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Enterprise systems and support are key to Dell's growth and profitability, but don't think that the company is going to abandon the PC business. Like HP and Fujitsu, Dell knows the PC is the foot in the door at many small and midsized businesses, and with more than two billion interactions with customers since its founding, it says it knows how to keep those customers happy as they grow and make them Dell IT shops as they do.

That said, Dell does have its eyes on other revenue and profit opportunities according to the CEO who presented the chart below.

Dell growth opportunity

Dell's growth chart: revenue on the X axis, operating income on the Y

The next generation computing and intelligent data management bar is all of the stuff Dell wants to wrap around new servers and storage, including systems management software and appliances, modular data centers, networking and so on. As you can see, the revenue and profit potential here is considerably larger than Dell currently gets from servers and storage. Dell also thinks it can carve out a very profitable application software services business, running software on clouds for customers, and has its eye on selling smartphones, tablets, and related security and data services for them to enterprise customers.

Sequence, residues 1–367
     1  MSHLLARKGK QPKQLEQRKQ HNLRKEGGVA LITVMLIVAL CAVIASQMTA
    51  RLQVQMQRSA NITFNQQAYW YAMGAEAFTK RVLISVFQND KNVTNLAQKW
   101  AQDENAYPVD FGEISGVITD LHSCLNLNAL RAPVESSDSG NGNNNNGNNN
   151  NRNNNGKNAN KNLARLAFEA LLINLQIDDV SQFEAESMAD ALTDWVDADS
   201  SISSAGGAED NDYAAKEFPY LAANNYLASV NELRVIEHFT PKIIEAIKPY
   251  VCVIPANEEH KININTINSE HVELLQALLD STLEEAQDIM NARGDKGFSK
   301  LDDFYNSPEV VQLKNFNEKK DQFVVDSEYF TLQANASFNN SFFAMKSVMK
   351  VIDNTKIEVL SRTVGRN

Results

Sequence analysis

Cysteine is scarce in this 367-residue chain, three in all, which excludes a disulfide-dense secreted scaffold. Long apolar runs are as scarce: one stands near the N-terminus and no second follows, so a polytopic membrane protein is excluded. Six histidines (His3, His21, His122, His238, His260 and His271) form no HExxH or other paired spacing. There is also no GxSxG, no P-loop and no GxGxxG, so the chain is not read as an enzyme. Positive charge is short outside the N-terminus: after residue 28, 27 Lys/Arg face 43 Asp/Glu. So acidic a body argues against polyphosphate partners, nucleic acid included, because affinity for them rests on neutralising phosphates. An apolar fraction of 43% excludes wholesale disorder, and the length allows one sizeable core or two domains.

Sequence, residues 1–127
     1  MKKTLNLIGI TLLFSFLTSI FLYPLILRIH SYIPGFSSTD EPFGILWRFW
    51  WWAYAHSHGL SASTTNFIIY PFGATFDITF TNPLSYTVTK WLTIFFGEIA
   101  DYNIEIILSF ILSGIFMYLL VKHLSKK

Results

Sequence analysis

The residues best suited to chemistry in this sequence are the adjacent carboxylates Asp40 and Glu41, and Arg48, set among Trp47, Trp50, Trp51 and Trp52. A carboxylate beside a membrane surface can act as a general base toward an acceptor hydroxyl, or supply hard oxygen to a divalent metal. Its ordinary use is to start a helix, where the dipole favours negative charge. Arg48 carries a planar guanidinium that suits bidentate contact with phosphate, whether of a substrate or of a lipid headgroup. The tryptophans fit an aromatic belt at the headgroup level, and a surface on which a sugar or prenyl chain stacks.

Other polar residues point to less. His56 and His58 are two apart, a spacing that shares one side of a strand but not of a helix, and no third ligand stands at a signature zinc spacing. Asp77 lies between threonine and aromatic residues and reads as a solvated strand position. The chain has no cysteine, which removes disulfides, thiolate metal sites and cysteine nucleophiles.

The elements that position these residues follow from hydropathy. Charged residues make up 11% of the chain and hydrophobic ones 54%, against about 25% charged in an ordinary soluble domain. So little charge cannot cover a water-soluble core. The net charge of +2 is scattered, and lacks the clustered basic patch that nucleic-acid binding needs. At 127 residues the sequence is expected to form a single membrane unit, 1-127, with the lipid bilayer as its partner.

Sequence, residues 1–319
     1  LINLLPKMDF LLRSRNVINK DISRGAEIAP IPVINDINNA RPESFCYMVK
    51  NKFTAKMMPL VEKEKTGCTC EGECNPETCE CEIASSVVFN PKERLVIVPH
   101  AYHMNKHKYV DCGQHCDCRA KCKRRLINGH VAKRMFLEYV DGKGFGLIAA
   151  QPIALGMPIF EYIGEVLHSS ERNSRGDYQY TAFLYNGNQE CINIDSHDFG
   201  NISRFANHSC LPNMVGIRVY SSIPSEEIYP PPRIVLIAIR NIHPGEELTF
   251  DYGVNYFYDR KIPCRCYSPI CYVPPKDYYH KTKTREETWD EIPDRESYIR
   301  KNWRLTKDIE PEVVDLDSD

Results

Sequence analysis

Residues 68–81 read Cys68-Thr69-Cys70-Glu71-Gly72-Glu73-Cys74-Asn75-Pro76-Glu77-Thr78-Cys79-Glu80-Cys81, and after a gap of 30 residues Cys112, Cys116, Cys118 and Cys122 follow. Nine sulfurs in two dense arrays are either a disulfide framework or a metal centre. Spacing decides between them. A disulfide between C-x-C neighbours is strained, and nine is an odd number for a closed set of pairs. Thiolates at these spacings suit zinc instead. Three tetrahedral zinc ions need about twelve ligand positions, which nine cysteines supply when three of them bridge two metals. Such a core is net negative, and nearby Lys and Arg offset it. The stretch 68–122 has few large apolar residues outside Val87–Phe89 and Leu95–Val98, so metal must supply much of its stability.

But Dell is still very bullish on PCs, as it is on servers and storage. "The end of the PC era is over-hyped," said Jeff Clarke, who run's Dell's client business, in his presentation at the analyst day. As it is doing in servers, Dell's PC business is evolving from being strictly a hardware business to one that provides services for myriad kinds of devices. The chart below shows, how Dell sees the client business.

Dell client market

The client is no longer just the PC, in Dell's view

PCs may only rise at a compound annual growth of seven per cent between now and 2014, but that's still a $320bn addressable market – nothing to shake a stick at, and something to chase in emerging markets for sure. If you sell the desktop and notebook to an SMB shop in India, China, or Brazil, you'll probably sell the server if the PC isn't crap. Dell wants to sell smart phones and tablets to these customers, too. And perhaps more significantly, Dell expects 75 per cent of the revenue growth and 85 per cent of the unit growth opportunity for client devices of all types to come from emerging markets.

Clarke was not about to pre-announce products at the analyst day, and did not say what Dell's plans were for ARM-based notebooks, but he did concede "we're going to see ARM processors on notebooks, clamshells, or whatever you want to call them" right alongside devices using low-powered Core and Atom chips from Intel.

The issue, said Clarke, is that smart phones and tablets have trained us to expect a device to be always on, always connected, thin and light, with a day's worth of computing battery time.

As for Dell's plans for smart phones and tablets, Clarke merely said that Dell would be focusing more on integrating devices with services – such as data storage and security – that would appeal to its commercial customers and shy away from strictly consumer devices that have been launched by vendors to date.

That's an interesting idea, but it may turn out that companies will want something that looks a bit more consumer like from here on out. The app catalog is the computer, after all. ®

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